Abstracts do not contain enough information to allow critical evaluation of the work.  Journal articles which have been accepted for publication are a valid source but those which have been submitted (but not yet accepted) are not, as they are unavailable.

Avoid citing perusal communications and unpublished reports or observations.  These are not strong evidence because they are unable to be accessed and evaluated.  The number of references should be limited to the fewest number necessary by choosing the most important, the most valid and where appropriate, the most recent (Zeiger, 1991).


This section is descriptive.  The main consideration is to ensure that enough detail is provided to verify the findings and to enable replication of the study by an appropriately trained person.  Information should be presented, using the past verb tense, in chronological order.  Sub-headings should be used, where appropriate.

Reference may be made to a published paper as an alternative to describing a lengthy procedure.  Many journals require mention of relevant ethics committee(s) approval for the study and that subjects gave informed consent.  Table 3 provides an outline for the content of the methods section.

Table 3:                Methods

Outline of the study design


·         Method of sampling and recruitment;

·         Number of subjects; and

·         Justification of sample size.

·         Inclusion, exclusion and withdrawal criteria;

·         Method of allocation to study groups.


·         Independent, dependent, extraneous, controlled.

Pilot Studies

·         Outcome of any pilot studies which led to modifications to the main study.


·         Equipment, instruments or measurement tools (include model number and manufacturer).


·         Detailed description, in chronological order, of exactly what was done and by whom.

Major ethical considerations

Data reduction/statistical analyses

·         Method of calculating derived variables, dealing with outlying values and missing data.

·         Methods used to summarise data (present verb tense).

·         Statistical software (name, version or release number);

·         Statistical tests (cite a reference for less commonly used tests) and what was compared;

·         Critical alpha probability (p) value at which differences/relationships were considered to be statistically significant.


The two functions of this section are to report the results (past verb tense) of the procedures described in the methods and to present the evidence, that is the data (in the form of text, tables or figures), that supports the results.  Some journals combine the results and discussion into one section.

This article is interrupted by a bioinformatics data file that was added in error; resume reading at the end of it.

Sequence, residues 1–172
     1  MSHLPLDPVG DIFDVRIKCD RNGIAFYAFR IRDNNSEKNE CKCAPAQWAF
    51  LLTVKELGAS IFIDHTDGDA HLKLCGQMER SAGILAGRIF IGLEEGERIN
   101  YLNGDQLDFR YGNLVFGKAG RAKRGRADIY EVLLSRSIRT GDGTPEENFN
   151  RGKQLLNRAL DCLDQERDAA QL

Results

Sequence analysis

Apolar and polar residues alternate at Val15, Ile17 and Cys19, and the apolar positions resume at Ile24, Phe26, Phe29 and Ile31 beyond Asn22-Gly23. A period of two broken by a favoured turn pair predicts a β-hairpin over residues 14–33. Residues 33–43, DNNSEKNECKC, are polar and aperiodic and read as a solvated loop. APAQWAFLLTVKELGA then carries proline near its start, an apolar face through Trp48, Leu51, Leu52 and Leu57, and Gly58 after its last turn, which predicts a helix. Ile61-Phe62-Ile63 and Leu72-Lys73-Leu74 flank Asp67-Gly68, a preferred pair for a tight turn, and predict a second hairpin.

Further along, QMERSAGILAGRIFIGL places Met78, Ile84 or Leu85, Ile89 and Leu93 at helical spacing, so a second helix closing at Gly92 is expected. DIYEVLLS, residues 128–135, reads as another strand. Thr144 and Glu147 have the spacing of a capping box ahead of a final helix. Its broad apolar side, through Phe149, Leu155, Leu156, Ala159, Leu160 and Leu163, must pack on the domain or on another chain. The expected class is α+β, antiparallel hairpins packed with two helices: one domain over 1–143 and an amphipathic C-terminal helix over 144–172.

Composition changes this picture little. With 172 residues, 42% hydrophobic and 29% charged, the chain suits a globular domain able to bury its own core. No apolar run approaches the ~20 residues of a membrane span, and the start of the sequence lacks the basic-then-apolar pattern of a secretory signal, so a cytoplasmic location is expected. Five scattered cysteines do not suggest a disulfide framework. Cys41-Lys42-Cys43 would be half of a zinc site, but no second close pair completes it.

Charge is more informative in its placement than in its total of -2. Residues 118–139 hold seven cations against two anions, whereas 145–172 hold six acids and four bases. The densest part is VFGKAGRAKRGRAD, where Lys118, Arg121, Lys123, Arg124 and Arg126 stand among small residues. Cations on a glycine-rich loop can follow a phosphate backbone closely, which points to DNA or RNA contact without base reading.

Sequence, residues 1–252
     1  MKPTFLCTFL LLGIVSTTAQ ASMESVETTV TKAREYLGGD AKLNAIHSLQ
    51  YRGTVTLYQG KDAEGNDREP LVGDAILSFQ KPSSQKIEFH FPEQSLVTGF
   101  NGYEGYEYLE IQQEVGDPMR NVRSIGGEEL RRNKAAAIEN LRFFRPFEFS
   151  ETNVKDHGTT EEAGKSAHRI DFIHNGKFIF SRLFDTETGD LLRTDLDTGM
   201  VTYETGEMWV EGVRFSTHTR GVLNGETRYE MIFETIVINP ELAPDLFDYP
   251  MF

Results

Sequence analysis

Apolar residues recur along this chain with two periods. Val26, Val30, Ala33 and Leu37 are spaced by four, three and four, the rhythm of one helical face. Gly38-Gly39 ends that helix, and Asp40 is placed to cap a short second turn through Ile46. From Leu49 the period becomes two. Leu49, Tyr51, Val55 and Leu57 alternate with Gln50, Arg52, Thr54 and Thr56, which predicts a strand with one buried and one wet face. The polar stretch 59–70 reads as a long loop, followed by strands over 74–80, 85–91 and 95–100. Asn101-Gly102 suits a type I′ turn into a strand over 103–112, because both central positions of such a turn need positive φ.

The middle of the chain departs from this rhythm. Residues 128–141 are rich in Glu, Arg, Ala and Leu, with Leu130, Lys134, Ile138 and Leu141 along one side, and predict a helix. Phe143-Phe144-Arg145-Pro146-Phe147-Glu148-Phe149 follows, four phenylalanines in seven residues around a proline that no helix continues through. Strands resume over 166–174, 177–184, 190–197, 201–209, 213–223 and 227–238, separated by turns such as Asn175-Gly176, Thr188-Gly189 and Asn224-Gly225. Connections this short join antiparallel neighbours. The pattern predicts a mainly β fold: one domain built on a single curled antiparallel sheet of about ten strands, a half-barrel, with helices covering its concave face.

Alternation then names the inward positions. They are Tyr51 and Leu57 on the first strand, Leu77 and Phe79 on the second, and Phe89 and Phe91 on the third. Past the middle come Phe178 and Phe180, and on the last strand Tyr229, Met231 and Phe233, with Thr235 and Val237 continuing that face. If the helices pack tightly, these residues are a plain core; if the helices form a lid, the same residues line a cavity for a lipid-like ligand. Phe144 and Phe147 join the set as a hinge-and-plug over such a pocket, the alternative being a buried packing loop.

Before sitting down to write the first draft, it is important to plan which results are important in answering the question and which can be left out.  Include only results which are relevant to the question(s) posed in the introduction irrespective of whether or not the results support the hypothesis(es).

After deciding which results to present, attention should turn to determining whether data are best presented within the text or as tables or figures. Tables and figures (photographs, drawings, graphs, flow diagrams) are often used to present details whereas the narrative section of the results tends to be used to present the general findings.  Clear tables and figures provide a very powerful visual means of presenting data and should be used to complement the text, but at the same time must be able to be understood in isolation.  Except on rare occasions when emphasis is required data that are given in a table or figure must not be repeated within the text.  Sources of help for the preparation of table and figure are Briscoe (1990), Price (in press) and Zeiger (1991).

Tables and figures must be mentioned within the text and should be placed after the related text.  Photographs of subjects are often placed within the methods and should be used only if written, informed consent was obtained prior to the taking of the photograph.  To preserve anonymity, facial features should be covered.  If a manuscript includes a table or figure that has already been published, permission must be obtained from the copyright holder (usually the publisher) and the source acknowledged.

Confusion sometimes arises as to the difference between results and data.  Results statements provide the message, that is, they interpret the data.  Data rarely stand alone, they are facts, often numbers, which may be presented in their raw form, summarized (e.g. means) or transformed (e.g. percentages, ratios) (Zeiger, 1991).